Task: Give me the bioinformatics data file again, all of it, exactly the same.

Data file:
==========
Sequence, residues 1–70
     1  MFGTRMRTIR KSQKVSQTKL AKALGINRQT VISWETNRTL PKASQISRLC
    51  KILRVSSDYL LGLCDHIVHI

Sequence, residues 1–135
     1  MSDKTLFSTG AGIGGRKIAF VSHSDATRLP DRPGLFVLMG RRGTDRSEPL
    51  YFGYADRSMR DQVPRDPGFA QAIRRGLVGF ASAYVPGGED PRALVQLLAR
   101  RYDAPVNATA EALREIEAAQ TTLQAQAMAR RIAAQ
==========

Sequence, residues 1–70
     1  MFGTRMRTIR KSQKVSQTKL AKALGINRQT VISWETNRTL PKASQISRLC
    51  KILRVSSDYL LGLCDHIVHI

Sequence, residues 1–135
     1  MSDKTLFSTG AGIGGRKIAF VSHSDATRLP DRPGLFVLMG RRGTDRSEPL
    51  YFGYADRSMR DQVPRDPGFA QAIRRGLVGF ASAYVPGGED PRALVQLLAR
   101  RYDAPVNATA EALREIEAAQ TTLQAQAMAR RIAAQ